Bay Area homes are less affordable as interest rates rise

Few homes for sale, high prices, fierce bidding wars — and now higher interest rates — have seeped into the Bay Area real estate market.

Rising interest rates have pushed buyers’ monthly payments up nearly 7% in the past month, and more increases may be on the way.

The Federal Reserve recently signaled that it may raise the loan funds target rate at its March meeting. The average rate for a 30-year fixed mortgage fell from 3.05% on Dec. 23 to 3.55% on Thursday, nearing its highest level during the COVID-19 pandemic.

Local real estate professionals say the impact of higher rates could be muted for many people in the Bay Area – where most buyers are wealthier, have higher incomes and can incorporate the increase in their budget.

Jodi Fischer, loan officer at All California Mortgage in Novato, said lenders predict a more balanced housing market is coming soon, “but it won’t necessarily be a buyer’s market, it’ll just be less frenetic.”

In Marin, she said, many people may still have smaller financial portfolios that are impacted by higher interest rates, such as first-time home buyers and those in need of a loan. most important. In comparison, those who refinance their home will have more equity “to play with in their home”.

“These are still historically good interest rates – it’s just that they’ve gone up and it’s much more of a buying market,” she said.

Jeff Tucker, senior economist at Zillow, a real estate data company, said the rise in interest rates came more suddenly than many expected. U.S. home prices also hit record highs last year, driven by a low inventory of homes for sale and intense demand from first-time buyers and families looking for more space to fit in. remote working hours.

Higher prices and rising interest rates, he said, are “just a punch to buyers.”

Agents say the pandemic residential real estate boom in the Bay Area has followed big stock market gains, boosting incomes for tech professionals. The expected rise in interest rates rattled stocks and clouded home-buying plans for professionals who had relied on grants and corporate equity programs to fund part of their purchases.

Demand remains strong and buyers’ choices have rarely been fewer. Yet soaring interest rates and rising home prices in the Bay Area are making the area even less affordable for many families.

In September, only one in five Bay Area families could afford to buy the single-family home at the area’s median price, according to the California Association of Realtors. Ten years ago, about 45% of families could make a purchase.

The average monthly payment for a new mortgage on a median-priced home in San Francisco and the East Bay increased by $924 per month between January and December 2021. The median sale price of single-family homes in the nine counties exceeded $1 million. Last year.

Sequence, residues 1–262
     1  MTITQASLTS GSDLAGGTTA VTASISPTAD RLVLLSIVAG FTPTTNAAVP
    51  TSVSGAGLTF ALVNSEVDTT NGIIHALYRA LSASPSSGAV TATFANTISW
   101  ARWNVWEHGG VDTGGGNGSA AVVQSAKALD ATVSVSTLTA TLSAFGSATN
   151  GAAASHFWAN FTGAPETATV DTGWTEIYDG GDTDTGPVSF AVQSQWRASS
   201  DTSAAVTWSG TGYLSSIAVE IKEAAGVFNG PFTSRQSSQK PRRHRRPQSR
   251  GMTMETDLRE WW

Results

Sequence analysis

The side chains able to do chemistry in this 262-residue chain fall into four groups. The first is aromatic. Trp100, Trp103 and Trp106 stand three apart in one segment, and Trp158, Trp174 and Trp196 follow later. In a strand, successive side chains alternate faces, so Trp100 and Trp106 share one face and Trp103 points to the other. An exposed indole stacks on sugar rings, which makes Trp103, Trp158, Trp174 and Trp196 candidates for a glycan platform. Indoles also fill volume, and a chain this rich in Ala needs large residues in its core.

In Marin, according to Fischer, average payments for a home priced at $1.5 million grew more slowly, between $200 and $500 per month over the same period, depending on loan size and increases. interest rates. She said even this difference in cost would have a bigger impact on low-income people in Marin and see those payments increase throughout the year.

Additionally, the Bay Area’s high prices mean almost all buyers in the area must qualify for “giant loans” – with amounts exceeding $970,800 – which have more stringent financial requirements but generally carry lower rates. lower interest. Jumbo loans typically have interest rates about half a percentage point lower than a standard mortgage.

In San Francisco and the East Bay, Zillow estimates the value of a typical home increased 17% in 2021, from $1.17 million to $1.37 million. The median Zillow home value index in San Francisco hit $1,542,347.

Marin home values ​​rose 15% to 17% last year, according to Christina Hale of Coldwell Banker in San Rafael. The median price for a single-detached home in Marin County was nearly $1.49 million in December, the latest month available from the county assessor’s office.

“I don’t think the housing market is going to slow down,” Hale said. “Interest rates will certainly rise, but they are still relatively low. I remember back in the 80s, when interest rates were at 18%.

She said most of her customers have to qualify for jumbo loans, and a small percentage from outside the region have tighter budgets, although there are cash buyers. She said even neighborhoods once considered more affordable, like Corte Madera, have become some of the toughest to find available homes, let alone win an offer for one.

Rita Bairley, who rents in Lagunitas, said she gave up being able to afford to buy a home in her own county. She also feels insecure about the stability of the rental as the booming real estate market pushes landlords to sell properties.

Bairley said his last residence, in Fairfax, was sold despite structural damage. She said she was given two weeks to move.

“I am now retired from teaching due to COVID and am constantly on the lookout for affordable housing,” Bairley said. “Laws are twisted to accommodate wealthy landlords, and tenants are disposable.”

“Unless there’s a magical inheritance or a lottery,” she said, “I’ll probably be a tenant forever.”

Comments are closed.